When it comes to cybersecurity, local governments can rely on established partnerships and a security culture that values improvement over punitive measures, said a panel of local IT officials and experts during an event hosted by the National Association of Counties (NACo) and the Public Technology Institute on Monday.
Panelists at the event discussed some of the challenges unique to local government in comparison to industry or the Federal government.
“I think it’s a matter of how we see compliance and how we adhere to it, how we accept it, and how we make it part of our organizational structure and the culture in the IT environment,” said Luis Campadoni, director of IT & Facilities Management at the Metropolitan Washington Council of Governments. “In my 10 plus years in the Federal side, mainly the homeland security side, everything is compliance. Everything is adherence to cybersecurity frameworks as mandated. Coming to the local side, you don’t see the mandate as strongly enforced as you do on the Federal side.”
Campadoni said that difference adds a new dimension for local IT professionals in their work to improve cybersecurity. “You work more on the business side to try and create the culture, trying to link the mentality of the senior leadership to accept and adopt, so that we can actually improve our posture,” he said.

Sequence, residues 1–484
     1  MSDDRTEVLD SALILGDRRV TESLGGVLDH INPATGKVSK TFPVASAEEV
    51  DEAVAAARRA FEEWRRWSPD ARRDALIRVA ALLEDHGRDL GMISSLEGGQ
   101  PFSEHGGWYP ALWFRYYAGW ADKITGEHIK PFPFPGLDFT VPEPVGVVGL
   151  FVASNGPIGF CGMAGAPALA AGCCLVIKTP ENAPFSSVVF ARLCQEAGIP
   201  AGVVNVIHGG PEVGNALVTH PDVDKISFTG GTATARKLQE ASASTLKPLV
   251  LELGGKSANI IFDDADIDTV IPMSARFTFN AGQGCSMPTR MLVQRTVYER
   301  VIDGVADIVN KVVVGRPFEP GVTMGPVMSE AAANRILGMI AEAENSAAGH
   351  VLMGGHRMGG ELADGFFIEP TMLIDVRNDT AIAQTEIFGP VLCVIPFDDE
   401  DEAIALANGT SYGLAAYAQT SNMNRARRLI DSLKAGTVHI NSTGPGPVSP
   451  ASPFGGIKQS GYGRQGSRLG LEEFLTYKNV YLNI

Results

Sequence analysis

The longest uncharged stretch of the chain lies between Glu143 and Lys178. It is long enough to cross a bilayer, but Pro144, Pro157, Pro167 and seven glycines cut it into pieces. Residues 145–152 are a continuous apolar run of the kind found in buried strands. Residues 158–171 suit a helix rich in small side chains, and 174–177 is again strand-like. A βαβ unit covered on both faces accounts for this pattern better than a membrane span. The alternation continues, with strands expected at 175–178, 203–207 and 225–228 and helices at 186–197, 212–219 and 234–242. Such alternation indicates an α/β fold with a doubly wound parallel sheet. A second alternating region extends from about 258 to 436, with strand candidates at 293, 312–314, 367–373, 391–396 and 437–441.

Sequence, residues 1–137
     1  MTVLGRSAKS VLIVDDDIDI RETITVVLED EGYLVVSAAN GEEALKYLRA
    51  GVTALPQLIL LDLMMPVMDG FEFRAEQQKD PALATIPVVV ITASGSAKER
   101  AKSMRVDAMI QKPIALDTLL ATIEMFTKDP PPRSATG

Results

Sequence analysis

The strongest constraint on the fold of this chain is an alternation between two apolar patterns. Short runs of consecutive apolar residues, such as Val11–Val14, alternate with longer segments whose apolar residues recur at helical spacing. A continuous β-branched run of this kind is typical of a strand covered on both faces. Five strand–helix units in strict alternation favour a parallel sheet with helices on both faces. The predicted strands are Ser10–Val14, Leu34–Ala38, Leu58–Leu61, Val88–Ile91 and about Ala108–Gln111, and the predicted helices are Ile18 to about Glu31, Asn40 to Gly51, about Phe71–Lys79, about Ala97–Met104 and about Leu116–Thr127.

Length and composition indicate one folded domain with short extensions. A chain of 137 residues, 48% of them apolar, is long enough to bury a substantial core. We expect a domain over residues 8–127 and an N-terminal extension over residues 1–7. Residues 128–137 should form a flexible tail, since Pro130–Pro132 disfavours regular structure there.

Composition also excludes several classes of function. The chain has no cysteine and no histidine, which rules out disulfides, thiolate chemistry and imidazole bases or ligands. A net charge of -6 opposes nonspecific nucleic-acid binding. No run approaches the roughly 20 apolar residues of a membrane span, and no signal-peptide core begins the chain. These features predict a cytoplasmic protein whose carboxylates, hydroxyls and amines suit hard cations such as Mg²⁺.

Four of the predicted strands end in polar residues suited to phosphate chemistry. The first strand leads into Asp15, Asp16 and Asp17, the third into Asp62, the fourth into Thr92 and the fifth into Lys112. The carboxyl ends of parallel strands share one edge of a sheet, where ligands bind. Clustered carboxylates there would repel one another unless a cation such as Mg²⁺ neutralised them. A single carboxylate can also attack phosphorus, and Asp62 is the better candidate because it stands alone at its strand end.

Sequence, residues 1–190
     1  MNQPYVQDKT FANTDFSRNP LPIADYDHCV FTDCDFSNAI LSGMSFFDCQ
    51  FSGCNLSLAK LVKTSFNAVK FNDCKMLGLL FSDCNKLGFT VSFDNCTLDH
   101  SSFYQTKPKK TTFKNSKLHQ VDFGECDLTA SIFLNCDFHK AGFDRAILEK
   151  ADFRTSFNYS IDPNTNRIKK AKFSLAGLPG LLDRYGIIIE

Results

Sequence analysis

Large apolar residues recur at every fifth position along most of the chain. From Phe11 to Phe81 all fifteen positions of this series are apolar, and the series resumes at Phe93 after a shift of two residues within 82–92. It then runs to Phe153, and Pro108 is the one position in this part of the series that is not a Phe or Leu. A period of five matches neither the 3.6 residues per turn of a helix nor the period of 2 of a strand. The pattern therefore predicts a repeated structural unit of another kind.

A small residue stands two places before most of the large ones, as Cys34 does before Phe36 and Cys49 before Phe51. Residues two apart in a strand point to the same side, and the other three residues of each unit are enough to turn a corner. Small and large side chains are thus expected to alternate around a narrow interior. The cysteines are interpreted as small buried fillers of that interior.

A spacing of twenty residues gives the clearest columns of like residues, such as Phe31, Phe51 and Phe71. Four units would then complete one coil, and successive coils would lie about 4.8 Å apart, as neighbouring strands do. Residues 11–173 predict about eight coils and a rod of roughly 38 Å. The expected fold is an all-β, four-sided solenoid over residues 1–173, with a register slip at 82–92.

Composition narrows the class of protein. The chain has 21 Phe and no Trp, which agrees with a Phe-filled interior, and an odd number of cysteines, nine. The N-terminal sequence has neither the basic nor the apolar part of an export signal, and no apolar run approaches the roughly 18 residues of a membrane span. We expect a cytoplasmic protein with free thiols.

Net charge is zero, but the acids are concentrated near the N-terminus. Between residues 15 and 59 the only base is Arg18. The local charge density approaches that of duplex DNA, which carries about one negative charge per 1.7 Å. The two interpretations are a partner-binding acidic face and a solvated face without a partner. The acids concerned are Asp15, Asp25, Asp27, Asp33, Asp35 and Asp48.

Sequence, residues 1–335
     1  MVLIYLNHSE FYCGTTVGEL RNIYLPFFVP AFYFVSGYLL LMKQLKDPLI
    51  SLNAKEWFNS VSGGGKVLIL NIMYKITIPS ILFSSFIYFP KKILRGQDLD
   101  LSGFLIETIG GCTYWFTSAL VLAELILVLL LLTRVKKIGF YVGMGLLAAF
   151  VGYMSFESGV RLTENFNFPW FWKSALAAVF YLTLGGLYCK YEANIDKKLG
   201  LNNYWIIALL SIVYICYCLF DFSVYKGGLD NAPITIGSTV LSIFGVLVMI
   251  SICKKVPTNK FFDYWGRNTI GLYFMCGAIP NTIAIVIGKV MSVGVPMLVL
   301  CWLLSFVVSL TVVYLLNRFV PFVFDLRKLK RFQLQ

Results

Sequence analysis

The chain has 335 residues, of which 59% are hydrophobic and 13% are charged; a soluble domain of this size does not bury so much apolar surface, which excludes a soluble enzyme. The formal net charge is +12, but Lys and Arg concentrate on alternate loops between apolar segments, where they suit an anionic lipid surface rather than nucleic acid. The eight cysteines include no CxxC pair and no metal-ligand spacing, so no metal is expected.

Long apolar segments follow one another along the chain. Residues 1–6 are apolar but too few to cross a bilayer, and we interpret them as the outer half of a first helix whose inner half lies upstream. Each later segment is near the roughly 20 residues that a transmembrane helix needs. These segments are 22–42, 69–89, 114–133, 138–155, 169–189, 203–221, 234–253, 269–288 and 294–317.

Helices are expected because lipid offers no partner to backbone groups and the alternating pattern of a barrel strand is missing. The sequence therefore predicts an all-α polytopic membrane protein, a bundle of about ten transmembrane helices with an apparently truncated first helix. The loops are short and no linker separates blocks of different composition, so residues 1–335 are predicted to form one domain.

However, local government IT departments must take care not to overplay the notion of punishment in creating a carrot-and-stick approach for cybersecurity. Officials stressed the importance of avoiding harsh treatment of those who practice weak cybersecurity, but instead focusing on improving their posture.
“The worst thing you can do is actually punish somebody for failing to do something. If you want to punish somebody, it should be for failure to report,” said Alan Shark, executive director of the Public Technology Institute. “You don’t want to have it be punitive. You want people to run to you.”
Panelists also highlighted the importance of sharing threat information among different jurisdictions.
“I came to local government 11 years ago, and one of the things I learned is that local governments share, we share everything,” said Dale Worley, CIO of Greenbelt, Md. “At the municipal level, all of my peers in this area I can reach out to and get answers from.”
Chris Wlaschin, vice president of Systems Security at Election Systems & Software, pointed to active information sharing around election security.
During a recent spearphishing attack on Florida election officials, “within 20 minutes the rest of the nation knew about this,” said Wlaschin, touting the work of the Elections Infrastructure Information Sharing and Analysis Center (EI-ISAC).